Team searching for boy says no sign of life, crews resume work
MEXICO CITY (AP) _ A team of experts searching for a 9-year-old boy missing since the Sept. 19 earthquake said Saturday ″there is no possibility of life″ under the rubble believed to be covering the child.
The team used listening devices to try to pick up sounds after heavy equipment had removed some of the debris.
Julian Abed, an engineer working with the search team that spent more than two hours in the ruins Saturday afternoon, told reporters, ″Certainly there is no possibility of life.″
When he added, ″The possibility of life is very remote,″ he was asked again if there was any chance the child might be alive and he replied, ″Negative.″
Abed said workers would continue searching at the site with machinery and by hand, but the effort to reach the boy through tunneling into the debris would be suspended.
He said the listenening equipment the team had used was capable of detecting even a tiny pulsation.
Earlier in the afternoon, a crane and an earth mover that had been brought to the site to remove some of the chunks of concrete were pulled back and their engines turned off to allow the search team to listen for any sounds.
Immediately after Abed’s report, crews began shoveling frantically at the piles of concrete and plaster, working under lights in the chill night air.
One earth mover, small enough to maneuver through the narrow channel between the street and search site, removed the debris tossed back by the workers.
Dr. Emiliano Murillo, a cousin of the boy, said ″everyone is in agreement″ that the final rescue effort be undertaken with utmost speed.
Rescuers seemed pessimistic that the boy, Luis Ramon Navarrete Maldonado, could have survived the 16 days since the massive quake with little, if any, water or food.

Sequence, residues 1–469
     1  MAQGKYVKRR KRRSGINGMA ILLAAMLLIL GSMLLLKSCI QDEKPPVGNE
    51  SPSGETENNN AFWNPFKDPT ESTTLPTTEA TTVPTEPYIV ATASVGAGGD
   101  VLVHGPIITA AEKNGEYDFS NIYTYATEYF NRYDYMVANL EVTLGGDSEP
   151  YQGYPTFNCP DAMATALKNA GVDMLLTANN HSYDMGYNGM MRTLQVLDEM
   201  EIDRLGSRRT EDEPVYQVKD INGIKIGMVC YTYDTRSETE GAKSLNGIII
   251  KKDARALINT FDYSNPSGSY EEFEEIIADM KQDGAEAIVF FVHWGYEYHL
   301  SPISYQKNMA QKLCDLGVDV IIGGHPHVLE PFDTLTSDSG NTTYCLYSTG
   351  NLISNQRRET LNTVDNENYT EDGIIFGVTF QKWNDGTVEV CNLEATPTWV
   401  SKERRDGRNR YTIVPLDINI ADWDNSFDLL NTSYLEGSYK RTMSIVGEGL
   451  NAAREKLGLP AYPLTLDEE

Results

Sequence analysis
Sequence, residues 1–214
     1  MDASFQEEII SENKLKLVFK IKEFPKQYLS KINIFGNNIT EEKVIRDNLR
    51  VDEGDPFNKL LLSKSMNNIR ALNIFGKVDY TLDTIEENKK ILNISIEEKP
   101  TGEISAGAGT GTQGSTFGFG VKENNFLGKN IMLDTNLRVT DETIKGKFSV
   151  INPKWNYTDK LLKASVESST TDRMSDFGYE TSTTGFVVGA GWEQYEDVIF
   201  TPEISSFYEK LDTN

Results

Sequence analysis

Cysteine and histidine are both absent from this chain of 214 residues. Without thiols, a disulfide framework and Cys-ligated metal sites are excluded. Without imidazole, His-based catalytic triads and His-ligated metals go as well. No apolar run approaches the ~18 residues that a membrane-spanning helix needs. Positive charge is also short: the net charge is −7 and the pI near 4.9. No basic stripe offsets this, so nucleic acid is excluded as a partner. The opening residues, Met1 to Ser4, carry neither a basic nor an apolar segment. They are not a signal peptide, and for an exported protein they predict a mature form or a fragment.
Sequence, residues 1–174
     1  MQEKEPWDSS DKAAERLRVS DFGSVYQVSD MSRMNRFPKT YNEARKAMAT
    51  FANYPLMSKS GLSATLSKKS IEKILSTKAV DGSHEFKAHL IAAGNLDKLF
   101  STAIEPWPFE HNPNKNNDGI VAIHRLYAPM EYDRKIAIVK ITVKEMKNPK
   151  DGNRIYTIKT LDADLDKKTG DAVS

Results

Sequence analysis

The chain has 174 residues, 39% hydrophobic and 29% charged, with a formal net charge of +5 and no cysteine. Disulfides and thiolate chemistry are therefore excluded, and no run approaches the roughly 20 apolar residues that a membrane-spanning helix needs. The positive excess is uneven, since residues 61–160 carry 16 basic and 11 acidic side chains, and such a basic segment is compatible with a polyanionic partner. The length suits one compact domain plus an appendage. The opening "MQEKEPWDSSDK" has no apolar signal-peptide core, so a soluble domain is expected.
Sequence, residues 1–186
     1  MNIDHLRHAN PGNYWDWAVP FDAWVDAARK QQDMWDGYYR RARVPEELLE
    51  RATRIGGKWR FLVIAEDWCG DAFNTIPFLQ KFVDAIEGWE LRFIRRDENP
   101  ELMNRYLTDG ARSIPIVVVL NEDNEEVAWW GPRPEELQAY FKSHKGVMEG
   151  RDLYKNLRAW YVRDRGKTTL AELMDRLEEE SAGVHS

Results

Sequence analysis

″Every minute counts against us,″ said Mexico City Police Chief Ramon Mota Sanchez.
Shorty before dawn, Jorge Rangel, a Mexican engineer, said searchers had reached the site where it had been believed the boy was trapped with his grandfather, but no one was found. They then turned their attention to other locations.
Rangel said no water was found in the ruins of the old multifamily dwelling in the downtown district. The day before, another rescue worker said there was an old cistern in the building and water might have trickled down to the child.
Searchers have said they heard tapping sounds in response to questions asked of the child, leading them to believe the boy was alive.
They insisted the tapping sounds came from the boy, although his grandfather, Louis Maldonado, 57, also was believed trapped.
On Friday, one worker reported the boy had responded verbally to a question asked by searchers, but Mota Sanchez discounted the report, saying there had been no voice contact.
Still, the police chief said noises were heard from under the rubble at 6:30 a.m. (8:30 a.m. EDT) Saturday.
Rescue workers appeared increasingly reluctant to describe the sounds they heard, and Mota Sanchez said later they could have come from falling stones or dirt.
An early morning landslide damaged the tunnels workers had dug wih picks, shovels and their hands to try to reach the child, Mota Sanchez said.
A crane then was brought to the site to tear back the concrete slabs and other rubble blocking the rescue efforts.
Mota Sanches said authorities did not want to risk the lives of the rescue workers in the tunnels.
The boy’s family has maintained a vigil at the site, where dozens of journalists have been since late Wednesday when it became known the family believed the child was still alive.
The last known survivors of the earthquake, which may have killed as many as 8,000 people according to unofficial estimates, were rescued about a week ago.
In London, a British rescue team that returned from Mexico Saturday said at least 50,000 people are still homeless and up to 5 million people are without water supplies.
Members of the 6-man team said they could not eat for three days after their arrival in Mexico City nearly two weeks ago because of the stench of death in the streets.
Meanwhile, reports in local Mexican newspapers Saturday said the Treasury Ministry told international bankers recently that, even before the earthquake, Mexico needed an additional $500 million this year and $4 billion in 1986.
The additional need was spelled out by the ministry in a message sent to banks asking for postponement of a $950 million principal payment on its foreign debt of $96.4 billion.